Quick break and I make the mistake of checking my emails, and there are many, many, many new messages. I open them all and feel instantly overwhelmed by everything that requires a response or decision, so do the only responsible thing and close my email.

Back to CTC reporting. For every scan I report, two more appear on the list. Sigh.

Breakfast doesn’t happen until I remember to eat something mid-morning. I make my first tea of the day followed by more CTC reporting and show some interesting cases to my colleagues. There is such thing as polyp joy, #geek.

Mind-bending tech challenges

My email pings reminding me of a meeting with the eLearning designer for the NCTCTAP. We’ve just launched our new online platform and it’s awesome. I’m proud of the digital campus we’ve built to deliver online CTC training. Currently I’m developing the interface to provide automatic feedback on radiologist CTC interpretations.

As radiologists, we get to work with people, but we’re also very independent. Just my name on that report? Oh ok then, gulp.

Sounds like it should be simple. It’s not. We discuss possible solutions to various mind-bending tech challenges after which we’re both more than deserving of some lunch. I eat my fancy (added smoked salmon), homemade salad. I feel very healthy, so of course eat three chocolate digestives right after to maintain balance in the universe.

More meetings over lunch – a catch up with the RadReach team and members of the ISIG (a Trust level group I co-chair to represent the staff voice on issues of equity and inclusion). Establishing my voice in racial equity has been an interesting journey. Co-creating RadReach with Hannah Tharmalingam and Jade Scott-Blagrove, specifically to address under-representation in radiology and oncology, and co-chairing the ISIG so that I can contribute towards improving staff experience at my organisation are two important roles I hold and thoroughly enjoy.

Since I’m not on MDT duty tomorrow, this afternoon is a combination of various ultrasounds (endoanal, elastography). This is when I get to see patients and remind myself that sitting in a dark room reporting 24/7, grumbling about inappropriate scan requests, does not a radiologist make.

I manage to have a quick tea between patients, banter with my colleagues (random conversations about bananas and intermittent fasting) and pseudo-check emails. I run away from them again. Once my list is finished, I tidy up some reports (how are there always a couple hanging around on my saved list?), decide to trust my eyes, take a deep breath, and authorise them all.

I leave work anytime between 5 and 6pm and prepare to check all emails on the journey home. Chastise myself for being a master procrastinator. Resolve to do better tomorrow.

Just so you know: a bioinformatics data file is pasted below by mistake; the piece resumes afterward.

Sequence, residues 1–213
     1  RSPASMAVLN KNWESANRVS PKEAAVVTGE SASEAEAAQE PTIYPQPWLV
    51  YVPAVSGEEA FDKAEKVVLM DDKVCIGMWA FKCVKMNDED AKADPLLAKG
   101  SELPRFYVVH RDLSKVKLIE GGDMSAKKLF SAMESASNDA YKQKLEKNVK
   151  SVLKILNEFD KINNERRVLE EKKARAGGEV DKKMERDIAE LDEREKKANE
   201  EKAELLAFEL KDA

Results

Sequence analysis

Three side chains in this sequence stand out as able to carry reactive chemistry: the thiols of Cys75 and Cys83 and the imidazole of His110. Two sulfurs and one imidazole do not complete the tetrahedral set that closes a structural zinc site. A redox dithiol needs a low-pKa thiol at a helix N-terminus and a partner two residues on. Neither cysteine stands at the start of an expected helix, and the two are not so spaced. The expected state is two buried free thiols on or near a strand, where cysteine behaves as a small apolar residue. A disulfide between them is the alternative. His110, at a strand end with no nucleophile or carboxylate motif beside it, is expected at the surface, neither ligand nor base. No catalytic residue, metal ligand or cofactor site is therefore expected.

Sticky kisses

I arrive home to be greeted by two over-excited sons. Get sticky kisses, fleeting hugs and breathless updates on their daily shenanigans. I then proceed to pick up laundry, toys, odd shoes and empty their backpacks of dirty clothes, rocks (?!), water bottles, stickers and books that should’ve gone back to the library weeks ago.

At 7.30pm we have family bible study with the boys, their grandparents (my folks) and my husband. Highlight of the day for all. Varying degrees of successful listening and focus (the kids, less so the adults). I attempt to answer startlingly insightful theological questions posed by the seven-year-old. I would love to say we achieve this every day, but the realities of life and work mean family time often gets curtailed (constant mum guilt about this). After bath time, the boys are tucked in bed and I’m back at my desk.

It’s 8.30pm and I’m finally addressing some of those emails. I try to be realistic and reasonable in the number of things I commit to doing, attending and presenting. It’s a struggle! I consider re-writing the work I edited this morning and remind myself that ‘done is better than perfect’. At some point each evening, my husband outlaws further rumination and encourages me to have dinner, chill out with him and catch up on the day’s dramas. I oblige. Eat. Drink more tea.

By about 9.45pm, I usually pretend to go to bed. Instead, I, of course, check more emails and watch an episode of Parks and Recreation. After which it’s about 10.30pm and my alarm is set for 4.50am, uh oh…

Further reading

This article is extracted from the Autumn 2022 issue of the RCR Newsletter. Members can access full issues